How The Image You Portray To Others Influences The Quality Of Your Life Part 1 .


We all develop a sense of self from messages received during childhood. some messages teach the child to trust who they really are and live their life free from fear of being hurt. But with others, the authentic child gets lost in negative messages about who they are and what the world is like. And they will create ways to protect themselves from being hurt.

We humans are resourceful. And the crutches we use to protect ourselves come in many forms. We put up walls. We live in denial. We guard our feelings. We buy love. We avoid threatening situations. And so on, and so on. We create a protective mask, and this image is what we present to the world.

“You wear a mask for so long, you forget who you were beneath it.”
~Alan Moore

We all wear a mask from time to time, but our facade can become so real, we may forget who we were before someone or something forced us to create a protective shield. And others will react to us according to the person we appear to be, not knowing that beneath our mask we may feel inadequate, unloved, rejected, lonely … any pain from our childhood.

Behind every mask there’s an unmet need, something we missed as a child. And we never found the courage to explore life as our true self. We hide behind our mask to feel safe, and that can work for us. We project silent messages, and others respond. But sometimes the mask can backfire and leave us defenseless, as in the following examples.

People Pleaser message:
If I always give and do what you want, that will please you, and then you’ll love me. So I’ll put your desires ahead of my own. Other people’s response: So that means I can run to you any time I want something done, you’ll do it for me. My own gofer. Yeah.
Result: A people pleaser can get used, and not always be loved.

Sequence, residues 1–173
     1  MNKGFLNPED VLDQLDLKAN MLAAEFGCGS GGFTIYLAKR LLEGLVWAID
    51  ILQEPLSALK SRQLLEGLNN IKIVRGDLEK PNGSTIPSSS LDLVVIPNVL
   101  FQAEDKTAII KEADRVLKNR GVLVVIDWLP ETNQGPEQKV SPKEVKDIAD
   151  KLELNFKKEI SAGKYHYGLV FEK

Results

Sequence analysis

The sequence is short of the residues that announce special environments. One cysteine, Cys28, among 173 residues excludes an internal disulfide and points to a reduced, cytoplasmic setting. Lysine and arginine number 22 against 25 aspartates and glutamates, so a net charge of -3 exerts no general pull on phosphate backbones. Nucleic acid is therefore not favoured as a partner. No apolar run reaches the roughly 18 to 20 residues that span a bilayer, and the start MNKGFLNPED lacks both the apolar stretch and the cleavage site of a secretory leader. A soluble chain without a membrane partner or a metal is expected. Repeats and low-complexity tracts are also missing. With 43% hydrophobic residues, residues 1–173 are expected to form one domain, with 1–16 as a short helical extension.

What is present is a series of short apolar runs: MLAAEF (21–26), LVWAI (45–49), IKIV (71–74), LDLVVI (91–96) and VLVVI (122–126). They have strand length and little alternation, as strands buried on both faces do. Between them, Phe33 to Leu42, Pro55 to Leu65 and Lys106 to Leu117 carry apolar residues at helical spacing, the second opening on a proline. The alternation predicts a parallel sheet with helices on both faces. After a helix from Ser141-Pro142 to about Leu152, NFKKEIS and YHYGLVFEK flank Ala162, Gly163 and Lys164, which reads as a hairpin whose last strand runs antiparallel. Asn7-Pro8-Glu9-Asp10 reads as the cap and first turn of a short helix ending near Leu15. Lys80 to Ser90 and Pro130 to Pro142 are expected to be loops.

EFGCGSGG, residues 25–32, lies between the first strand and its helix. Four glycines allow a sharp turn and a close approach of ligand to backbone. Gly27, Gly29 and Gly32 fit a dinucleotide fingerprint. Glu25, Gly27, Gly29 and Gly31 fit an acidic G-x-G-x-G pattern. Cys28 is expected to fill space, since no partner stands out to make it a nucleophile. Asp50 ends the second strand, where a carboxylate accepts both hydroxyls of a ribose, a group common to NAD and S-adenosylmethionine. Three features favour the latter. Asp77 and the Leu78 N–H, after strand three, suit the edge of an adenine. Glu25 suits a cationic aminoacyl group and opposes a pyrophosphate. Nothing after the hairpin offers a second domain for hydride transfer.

Do Gooder message:
I’ll serve my community and always help others. Then I’ll get everyone’s approval for being such a good person. Other people’s response: That person is so dedicated to helping others, but he/she doesn’t know when to stop. Result: Do Gooder’s efforts are appreciated, but no approval as a person.

Center of Attention message:
I have no pain from childhood. I’m okay just like I am. So I can do whatever I want, and everyone will like and accept me. Other people’s response: He/she is all right for a while, but not the center of attention all the time. It’s too much. Result: Center of Attention’s denial of any pain underneath isn’t working, and there’s no acceptance by others.

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“We try so hard to make ourselves lovable, and yet each layer of this mask puts another wall around us–a wall that keeps love out.”  ~Vironika Tugaleva

When I was 6 years old, my father died, and I was heart-broken. But no one understood or comforted me. So I vowed to take care of myself and need no one. Without realizing it, I put up a wall and projected an Independent, Self-Sufficient image to everyone in my life. And of course this brought a Response that said: Oh, you take care of yourself, and you don’t need help. You always look good and seem so happy. You don’t need us. The Result of this image brought loneliness behind my wall.

“Because an illusion is an illusion, reality always exists despite the facade”
~ Kasie West.


 Do you wear a mask to protect yourself from childhood hurts? If so, living with a false image may get you through life, but that allows your authentic self to remain lost inside, yelling “Let me out. See me. Hear me. Love me.” And somewhere inside you know it. You feel it. You may not realize you’re living a protective façade but your life is worth exploring to find out where you’re really coming from and whether or not you’re happy with that.

Tune in next week for Part 2 with ways to be less of who you are not, and be more of who you really are.

Let your light shine.

Marilyn Fowler, Author of  “Silent Echoes”  . . . .

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Product Details

 ( Click book to Amazon )


About Silent Echoes:

Silent Echoes is a memoir with psychological undertones spanning three generations. It begins with life in an orphanage and moves into the rich, sweet life of the 1920’s, through the tumultuous Stock Market crash and Great Depression years. The story recounts this historical period, and brings the national trauma to life through a vivid portrayal of one family’s personal struggle to go on as they fall from wealth to poverty and homelessness.

It guides readers through this entire decade with a bone deep exploration into the family’s inner pain and desperation as their situation tests their strength to survive. Characters are portrayed with poignant care as they experience not only loss of material possessions, but of trust in a secure future, of loved ones through death and separation, losses that wound the very soul. As their story moves out of the Depression years through several wars and beyond, residual scars become apparent as they influence the character’s self-defeating choices for some years to come.

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